The Cadillac has long been the epitome of an American car: large, powerful, luxurious, and expensive. However, Cadillac started with a small vehicle created by master machinist and inventor Henry Martyn Leland using his 98.2 cubic inch single-cylinder Leland & Faulconer engine that Oldsmobile rejected on the grounds of retooling costs. While folklore usually touts Henry Ford as the de-facto “father” of mass production, Mr. Leland had been a champion of standardized manufacturing since his days with Colt Firearms in the 1860s. In fact, Cadillac was created from the remnants of the failed Henry Ford Company – a fact that Henry never forgot.
For the new Cadillac car, chain drive and a two-speed planetary transmission drove the rear wheels, while a foot pedal activated the brakes fitted to the inboard ends of the half-axles. It was available as a two-seat runabout or a four-passenger rear entrance tonneau. First produced in 1903, the runabout was priced at $750, and Cadillac quickly earned a growing customer base.
Now referred to as the Model A, the first production Cadillac was continued in 1904 and incorporated only modest changes. In 1904, Cadillac launched its new Model D, featuring the now-conventional automotive layout with a front-mounted, 30-horsepower, four-cylinder engine on a 100-inch-wheelbase chassis. Despite this novel offering, demand for Cadillac’s original single-cylinder models continued.
To keep up with the times, the single-cylinder Model E, a two-passenger runabout, and Model F, offered as a four-passenger, side-entrance tourer or delivery vehicle, adopted an “engine hood” in the style of the latest front-engine cars, even though the actual engine was still under the seat, just as it had been since the single-cylinder Cadillac made its debut. Something that was unchanged from the earliest models was Cadillac’s reliability in trials, hill climbs, and regular use by the American car importer to Britain, Frederick Stanley Bennett.
One advantage Cadillacs had over virtually all other automobiles of the day was precision engineering, which allowed the complete interchangeability of all parts from one similar model to another. In 1908, just three years after this Model F Four-Passenger Tourer was built, three brand new single-cylinder Cadillac Model K Runabouts were randomly selected and dismantled down to the last nut and bolt under the scrutiny of Royal Automobile Club observers in the UK. The mechanics were restricted to basic hand tools, and the parts from the three cars were intermingled. Additional components were removed and replaced with new spares. When the three Model K’s were reassembled, they all started quickly and covered 500 miles at full throttle on the new Brooklands racetrack. The proof of the Cadillac’s parts interchangeability became front page news at a time when parts of most car manufacturers could not be interchanged between similar examples. Cadillac was subsequently awarded the Dewar Trophy for Outstanding Technical Achievement in the Automotive Industry, which led to adopting” Standard of the World” as the company’s slogan.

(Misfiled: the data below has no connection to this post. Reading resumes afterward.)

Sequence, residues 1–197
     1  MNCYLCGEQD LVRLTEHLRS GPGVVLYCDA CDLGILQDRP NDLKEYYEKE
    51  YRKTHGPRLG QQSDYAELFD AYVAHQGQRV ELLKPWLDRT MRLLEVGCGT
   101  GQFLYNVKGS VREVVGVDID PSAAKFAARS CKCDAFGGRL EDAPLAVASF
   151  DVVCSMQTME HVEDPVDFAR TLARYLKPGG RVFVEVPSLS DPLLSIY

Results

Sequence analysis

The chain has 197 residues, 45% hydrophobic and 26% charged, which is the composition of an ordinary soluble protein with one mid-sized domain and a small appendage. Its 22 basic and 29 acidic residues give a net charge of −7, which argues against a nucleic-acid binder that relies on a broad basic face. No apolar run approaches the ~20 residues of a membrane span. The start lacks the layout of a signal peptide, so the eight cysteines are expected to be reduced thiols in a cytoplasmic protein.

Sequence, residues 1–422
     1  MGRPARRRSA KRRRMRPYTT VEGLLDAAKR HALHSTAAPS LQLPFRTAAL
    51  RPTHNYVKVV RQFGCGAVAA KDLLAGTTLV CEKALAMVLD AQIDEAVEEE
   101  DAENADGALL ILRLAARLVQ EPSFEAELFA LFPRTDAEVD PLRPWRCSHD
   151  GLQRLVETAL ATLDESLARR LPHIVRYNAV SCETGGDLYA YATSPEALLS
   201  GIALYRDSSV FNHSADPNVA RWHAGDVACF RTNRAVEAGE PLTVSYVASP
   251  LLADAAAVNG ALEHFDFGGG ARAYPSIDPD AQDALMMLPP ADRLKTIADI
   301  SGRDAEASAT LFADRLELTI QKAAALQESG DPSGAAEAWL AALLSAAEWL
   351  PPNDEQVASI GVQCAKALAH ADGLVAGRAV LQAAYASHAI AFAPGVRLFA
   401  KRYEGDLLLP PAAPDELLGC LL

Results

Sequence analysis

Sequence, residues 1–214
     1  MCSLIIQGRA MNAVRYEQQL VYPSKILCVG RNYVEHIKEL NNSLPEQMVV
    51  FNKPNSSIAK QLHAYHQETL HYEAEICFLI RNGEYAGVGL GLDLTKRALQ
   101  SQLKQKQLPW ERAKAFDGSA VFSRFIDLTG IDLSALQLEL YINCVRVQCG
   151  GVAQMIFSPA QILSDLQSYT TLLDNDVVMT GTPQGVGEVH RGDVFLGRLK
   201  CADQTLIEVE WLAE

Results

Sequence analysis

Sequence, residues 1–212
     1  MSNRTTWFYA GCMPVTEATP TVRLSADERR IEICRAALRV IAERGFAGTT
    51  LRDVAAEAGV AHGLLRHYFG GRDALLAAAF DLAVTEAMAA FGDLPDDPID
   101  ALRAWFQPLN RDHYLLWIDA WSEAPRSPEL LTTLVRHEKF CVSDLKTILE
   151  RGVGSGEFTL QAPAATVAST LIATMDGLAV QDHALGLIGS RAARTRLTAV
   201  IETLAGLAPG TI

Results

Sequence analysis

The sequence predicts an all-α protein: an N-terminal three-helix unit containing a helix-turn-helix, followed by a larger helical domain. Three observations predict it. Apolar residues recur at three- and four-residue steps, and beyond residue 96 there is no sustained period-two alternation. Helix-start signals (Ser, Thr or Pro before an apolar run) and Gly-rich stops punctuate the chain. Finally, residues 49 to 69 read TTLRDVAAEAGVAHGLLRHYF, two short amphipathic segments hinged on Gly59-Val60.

This lovely Model F is a high-quality older restoration that was delivered new to the Cadillac showroom in New York City on October 18, 1905 and according to a copy of its original Cadillac order record it was specified in the same shade of Green it wears today. Contrasting cream painted coachlines adorn the body, along with the cream-colored chassis and beige top to complete the look. A set of black cycle fenders terminate in a much-appreciated set of functional mudguards, while a set of 12-spoke artillery wheels with hand-painted red detailing are wrapped in period-correct grey Firestone tires. Highly polished brass adornments are plentiful, including cowl lamps and body trim, all playing brilliantly against the green and cream livery. The canvas top features a front storm shield and protects an interior upholstered in button-tufted black leather.
On the technical side, this Model F differs from the Dewar Trophy-winning Cadillacs by having a two-inch longer chassis to accommodate the Tourer body instead of the runabout coachwork used by the Dewar cars. The 9 horsepower, 98.2 cubic inch single-cylinder horizontal engine is essentially the same specification as the award-winning Model Ks. This car has remained in excellent mechanical order since its restoration, with the same attention to detail paid beneath the surface.
This charming four-passenger side-entrance tourer is a wonderful example of Cadillac’s famous Model F. It will be an ideal car for a wide variety of events and tours organized by the Horseless Carriage Club of America, providing the kind of joyful motoring that only an early horseless carriage can bring, and based on Bennett’s experience of more than 115 years ago, it should also prove extremely reliable.
Offers welcome and trades considered
Stock number 7623
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